He returned to Portugal in 1896, and almost immediately signed a project of great importance: the São Bento station. In fact, the Gare Central had been his final work in the Architecture course taken in Paris. However, the initial idea had to be reformulated successively, as the station would only be completed in 1916. Despite the fact that a work of such magnitude was handed to him – the city’s first railway station – demonstrates the prestige he already had in the early stages of his career. In 1900 he received a silver medal in the exhibition of Paris, which contributed to increase his national and international prestige.

Throughout his life, Marques da Silva signed several projects that modernized the face of the city. Rarely do you find buildings which fuse aesthetics with functionality and which are sprinkled throughout the city, from Baixa to Serralves.

He was also a professor and director at the Faculty of Fine Arts of Porto and the School of Applied Art Soares Reis. He was also the author of important works in Guimarães and Barcelos.

Some emblematic works in Oporto:

São Bento Station (1896-1916)

Building of the Four Seasons (1905), Rua das Carmelitas

Atelier Marques da Silva (1909), Marquês de Pombal Square

Monument of the Heroes of the Peninsular War (1909), Rotunda da Boavista

São João National Theater (1910-1920), in Praça da Batalha

Building of the Nascimento Department Stores, (1914-1927), corner of Rua de Santa Catarina and Passos Manuel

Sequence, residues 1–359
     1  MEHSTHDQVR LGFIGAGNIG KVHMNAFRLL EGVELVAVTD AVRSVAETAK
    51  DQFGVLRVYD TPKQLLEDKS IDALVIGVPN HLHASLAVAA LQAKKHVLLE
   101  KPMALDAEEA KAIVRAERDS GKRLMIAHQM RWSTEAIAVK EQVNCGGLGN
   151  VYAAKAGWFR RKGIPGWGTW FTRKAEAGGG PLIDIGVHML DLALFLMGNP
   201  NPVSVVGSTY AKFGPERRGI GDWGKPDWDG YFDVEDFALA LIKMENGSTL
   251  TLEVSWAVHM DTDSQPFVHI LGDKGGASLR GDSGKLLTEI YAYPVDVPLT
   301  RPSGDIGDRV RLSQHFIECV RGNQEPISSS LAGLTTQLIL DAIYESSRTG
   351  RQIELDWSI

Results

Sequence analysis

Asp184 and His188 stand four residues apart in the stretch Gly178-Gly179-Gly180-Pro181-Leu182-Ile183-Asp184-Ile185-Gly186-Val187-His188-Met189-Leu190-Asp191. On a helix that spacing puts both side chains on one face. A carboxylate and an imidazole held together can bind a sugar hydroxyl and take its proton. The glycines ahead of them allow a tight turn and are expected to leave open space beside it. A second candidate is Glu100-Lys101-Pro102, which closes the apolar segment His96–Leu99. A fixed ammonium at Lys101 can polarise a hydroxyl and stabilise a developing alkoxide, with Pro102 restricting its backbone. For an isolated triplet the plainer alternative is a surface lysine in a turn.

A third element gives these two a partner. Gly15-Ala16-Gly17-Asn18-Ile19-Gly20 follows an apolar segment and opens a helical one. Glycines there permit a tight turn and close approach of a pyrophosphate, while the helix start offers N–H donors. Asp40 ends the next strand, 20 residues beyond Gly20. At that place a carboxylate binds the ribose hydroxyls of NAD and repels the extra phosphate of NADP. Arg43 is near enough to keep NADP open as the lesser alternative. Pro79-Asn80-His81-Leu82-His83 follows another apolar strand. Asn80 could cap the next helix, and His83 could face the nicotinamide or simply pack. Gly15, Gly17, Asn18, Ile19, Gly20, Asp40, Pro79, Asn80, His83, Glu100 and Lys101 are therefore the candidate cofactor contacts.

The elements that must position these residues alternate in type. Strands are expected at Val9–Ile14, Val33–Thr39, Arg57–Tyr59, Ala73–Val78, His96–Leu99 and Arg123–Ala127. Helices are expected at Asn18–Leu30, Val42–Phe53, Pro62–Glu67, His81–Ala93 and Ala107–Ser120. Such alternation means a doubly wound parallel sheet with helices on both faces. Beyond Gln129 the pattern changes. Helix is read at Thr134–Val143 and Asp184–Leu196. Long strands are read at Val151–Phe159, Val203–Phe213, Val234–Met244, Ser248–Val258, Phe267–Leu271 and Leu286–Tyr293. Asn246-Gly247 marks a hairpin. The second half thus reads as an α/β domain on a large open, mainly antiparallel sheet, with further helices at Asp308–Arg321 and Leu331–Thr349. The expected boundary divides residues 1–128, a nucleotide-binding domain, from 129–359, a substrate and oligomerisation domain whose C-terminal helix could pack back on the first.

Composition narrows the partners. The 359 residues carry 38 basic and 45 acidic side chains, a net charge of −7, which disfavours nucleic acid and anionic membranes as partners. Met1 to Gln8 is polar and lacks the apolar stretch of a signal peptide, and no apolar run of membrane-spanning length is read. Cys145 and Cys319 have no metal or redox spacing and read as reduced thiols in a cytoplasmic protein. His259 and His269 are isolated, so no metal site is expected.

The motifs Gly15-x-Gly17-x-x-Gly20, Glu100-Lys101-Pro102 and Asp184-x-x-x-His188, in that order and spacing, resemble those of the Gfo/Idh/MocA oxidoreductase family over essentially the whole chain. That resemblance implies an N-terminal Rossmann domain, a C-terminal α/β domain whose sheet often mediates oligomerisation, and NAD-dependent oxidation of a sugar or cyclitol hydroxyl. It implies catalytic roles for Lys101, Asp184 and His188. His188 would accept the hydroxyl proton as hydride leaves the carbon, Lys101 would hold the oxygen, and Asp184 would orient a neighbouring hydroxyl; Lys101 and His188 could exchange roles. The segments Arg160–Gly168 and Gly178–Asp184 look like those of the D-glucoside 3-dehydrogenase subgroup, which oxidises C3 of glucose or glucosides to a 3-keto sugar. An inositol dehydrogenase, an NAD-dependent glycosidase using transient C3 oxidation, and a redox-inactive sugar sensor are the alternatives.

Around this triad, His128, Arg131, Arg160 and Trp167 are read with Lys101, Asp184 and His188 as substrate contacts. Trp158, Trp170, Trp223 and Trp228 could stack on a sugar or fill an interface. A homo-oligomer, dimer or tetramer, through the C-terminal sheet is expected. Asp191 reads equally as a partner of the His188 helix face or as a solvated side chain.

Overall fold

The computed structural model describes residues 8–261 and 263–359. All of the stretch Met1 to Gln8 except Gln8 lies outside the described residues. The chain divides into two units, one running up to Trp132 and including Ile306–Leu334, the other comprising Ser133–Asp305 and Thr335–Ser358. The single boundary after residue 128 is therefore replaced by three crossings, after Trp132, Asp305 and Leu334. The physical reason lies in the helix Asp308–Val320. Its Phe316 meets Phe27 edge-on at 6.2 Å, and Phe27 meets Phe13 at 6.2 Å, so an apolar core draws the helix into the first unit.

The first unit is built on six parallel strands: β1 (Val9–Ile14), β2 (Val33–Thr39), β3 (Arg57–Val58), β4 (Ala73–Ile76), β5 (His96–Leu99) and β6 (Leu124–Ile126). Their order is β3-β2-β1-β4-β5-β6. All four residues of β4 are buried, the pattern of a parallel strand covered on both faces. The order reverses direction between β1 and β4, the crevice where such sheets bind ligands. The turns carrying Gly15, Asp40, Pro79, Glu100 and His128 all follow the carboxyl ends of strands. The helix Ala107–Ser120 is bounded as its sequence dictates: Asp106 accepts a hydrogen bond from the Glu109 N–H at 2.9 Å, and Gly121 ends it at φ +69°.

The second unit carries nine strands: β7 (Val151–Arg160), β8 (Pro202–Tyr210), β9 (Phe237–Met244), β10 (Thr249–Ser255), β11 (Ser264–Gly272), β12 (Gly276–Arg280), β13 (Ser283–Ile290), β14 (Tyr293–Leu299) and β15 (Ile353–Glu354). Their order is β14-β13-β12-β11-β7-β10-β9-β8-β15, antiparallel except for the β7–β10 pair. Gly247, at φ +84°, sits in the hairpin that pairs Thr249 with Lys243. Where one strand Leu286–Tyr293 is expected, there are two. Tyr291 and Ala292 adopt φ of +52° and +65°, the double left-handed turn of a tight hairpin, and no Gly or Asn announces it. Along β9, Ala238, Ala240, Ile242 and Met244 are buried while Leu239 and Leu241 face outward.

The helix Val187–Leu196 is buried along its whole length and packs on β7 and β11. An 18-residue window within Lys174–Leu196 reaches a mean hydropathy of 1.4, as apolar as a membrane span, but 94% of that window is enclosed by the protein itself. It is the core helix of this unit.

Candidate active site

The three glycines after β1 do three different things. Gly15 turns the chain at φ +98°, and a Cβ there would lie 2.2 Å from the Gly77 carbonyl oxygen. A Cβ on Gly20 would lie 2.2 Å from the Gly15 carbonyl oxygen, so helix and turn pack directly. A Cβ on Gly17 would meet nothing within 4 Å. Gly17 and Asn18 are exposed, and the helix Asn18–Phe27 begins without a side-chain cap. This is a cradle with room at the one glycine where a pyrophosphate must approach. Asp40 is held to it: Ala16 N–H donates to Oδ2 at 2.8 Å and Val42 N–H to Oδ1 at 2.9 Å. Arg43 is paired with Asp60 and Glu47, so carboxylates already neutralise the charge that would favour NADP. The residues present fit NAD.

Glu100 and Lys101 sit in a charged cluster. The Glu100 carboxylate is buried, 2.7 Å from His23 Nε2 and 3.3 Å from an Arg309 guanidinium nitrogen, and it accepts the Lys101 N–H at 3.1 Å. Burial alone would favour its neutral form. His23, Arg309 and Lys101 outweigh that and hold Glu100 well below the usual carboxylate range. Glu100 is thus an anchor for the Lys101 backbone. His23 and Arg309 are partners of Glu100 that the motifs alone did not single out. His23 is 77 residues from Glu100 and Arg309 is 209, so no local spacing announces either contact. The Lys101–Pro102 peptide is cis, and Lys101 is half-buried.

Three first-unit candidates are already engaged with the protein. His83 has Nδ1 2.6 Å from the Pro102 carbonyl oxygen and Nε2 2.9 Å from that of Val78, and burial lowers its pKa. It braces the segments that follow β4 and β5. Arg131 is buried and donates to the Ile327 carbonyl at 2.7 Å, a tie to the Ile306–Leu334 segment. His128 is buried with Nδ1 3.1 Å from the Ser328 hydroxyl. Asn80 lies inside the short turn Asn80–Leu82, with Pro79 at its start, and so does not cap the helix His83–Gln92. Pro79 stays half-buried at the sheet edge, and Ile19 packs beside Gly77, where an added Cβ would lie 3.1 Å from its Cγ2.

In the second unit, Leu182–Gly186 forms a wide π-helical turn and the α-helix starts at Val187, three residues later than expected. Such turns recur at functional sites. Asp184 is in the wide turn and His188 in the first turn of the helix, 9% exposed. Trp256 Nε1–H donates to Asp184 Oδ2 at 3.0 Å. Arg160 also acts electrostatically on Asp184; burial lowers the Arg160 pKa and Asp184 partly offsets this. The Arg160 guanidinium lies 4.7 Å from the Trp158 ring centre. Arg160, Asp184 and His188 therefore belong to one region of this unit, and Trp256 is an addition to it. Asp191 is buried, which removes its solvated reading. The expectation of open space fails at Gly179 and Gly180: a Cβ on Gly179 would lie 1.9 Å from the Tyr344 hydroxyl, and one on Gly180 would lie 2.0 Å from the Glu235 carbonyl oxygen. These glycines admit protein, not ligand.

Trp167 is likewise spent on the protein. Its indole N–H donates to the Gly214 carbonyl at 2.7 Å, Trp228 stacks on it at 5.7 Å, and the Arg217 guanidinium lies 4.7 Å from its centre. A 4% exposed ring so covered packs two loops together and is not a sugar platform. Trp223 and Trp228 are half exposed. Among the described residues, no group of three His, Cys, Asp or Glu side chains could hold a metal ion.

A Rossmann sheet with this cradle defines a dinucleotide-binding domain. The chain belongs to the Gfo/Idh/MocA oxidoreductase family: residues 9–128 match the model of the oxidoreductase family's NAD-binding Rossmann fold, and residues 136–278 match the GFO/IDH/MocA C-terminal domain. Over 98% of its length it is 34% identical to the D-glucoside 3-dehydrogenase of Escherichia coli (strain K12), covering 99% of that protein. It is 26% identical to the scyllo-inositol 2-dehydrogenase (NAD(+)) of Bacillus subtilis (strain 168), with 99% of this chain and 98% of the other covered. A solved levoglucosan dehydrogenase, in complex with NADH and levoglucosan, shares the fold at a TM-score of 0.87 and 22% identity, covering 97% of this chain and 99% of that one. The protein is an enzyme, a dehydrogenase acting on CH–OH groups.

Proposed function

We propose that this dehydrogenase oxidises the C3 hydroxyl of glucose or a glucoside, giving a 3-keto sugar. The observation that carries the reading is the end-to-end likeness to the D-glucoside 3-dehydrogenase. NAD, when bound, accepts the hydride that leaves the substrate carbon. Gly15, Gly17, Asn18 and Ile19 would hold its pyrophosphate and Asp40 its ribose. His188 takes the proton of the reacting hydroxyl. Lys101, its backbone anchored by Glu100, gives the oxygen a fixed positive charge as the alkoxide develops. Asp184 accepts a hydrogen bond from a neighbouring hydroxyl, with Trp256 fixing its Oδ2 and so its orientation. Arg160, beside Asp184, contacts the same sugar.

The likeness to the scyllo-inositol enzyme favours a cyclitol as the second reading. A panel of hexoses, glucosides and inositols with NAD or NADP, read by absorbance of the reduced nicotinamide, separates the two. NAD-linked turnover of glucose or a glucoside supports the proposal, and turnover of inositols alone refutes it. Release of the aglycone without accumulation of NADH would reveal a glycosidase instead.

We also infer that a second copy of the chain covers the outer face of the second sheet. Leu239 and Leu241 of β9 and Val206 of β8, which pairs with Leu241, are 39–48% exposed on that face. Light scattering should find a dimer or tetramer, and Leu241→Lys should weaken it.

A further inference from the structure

Lyceum Alexandre Herculano (1914-1931), on Avenida Camilo

Romanesque Church of Cedofeita
10 January, 2018 / , ,

It is the oldest church in Porto, with origins dating back to the sixth century and a king desperate to save a sick son.

Classified as a National Monument and located next to another larger and more modern church, the Church of São Martinho de Cedofeita, commonly known as the Romanesque Church of Cedofeita, stands out for its simplicity and antiquity.

The present church is not, however, the original building, since the temple dates back to the sixth century and the Suebi Dynasty, undergoing several changes over the years. The earliest remains were from the end of the ninth century, therefore predating the very formation of Portugal, which only occurred in the twelfth century. It may have been after 868 (year of the re-conquest of the city from the Moors) that a temple was built, whose capitals still resist. These elements were built in limestone, probably originating from the region of Coimbra, while the remaining building was made in granite. The lower parts of the chancel would have been built later, dating back to about 1087.

Nevertheless, the Romanesque phase of this important work only appeared later, during the period of the reign of D. Afonso Henriques, the first Portuguese king. In addition to its antiquity, this church has unique architectural and decorative features in this region of the country: particularly important is the tympanum in the North Portal, where one can see an Agnus Dei (a mystical lamb symbolizing Christ in the Apocalypse), quite similar to one that exists currently at the Machado de Castro National Museum in Coimbra. The influences of this region can be explained by the fact that Soeiro Anes worked on this project, which was also connected to the Sé Velha of Coimbra.

The legend:

The Suebi king Theodomiro, desperate to save his sick son, made a promise to Saint Martin of Tours, sending to Tours gold and silver in weight equal to that of his son. When returning, a bishop brought a relic of the saint, and when it was shown, the sick son healed. Feeling extremely grateful, the king converted all his people to Catholicism and had a church built in honor of the saint. The church was quickly built, becoming known as Cito Facta, which means Made Early. From this expression the present name of that zone: Cedofeita is derived.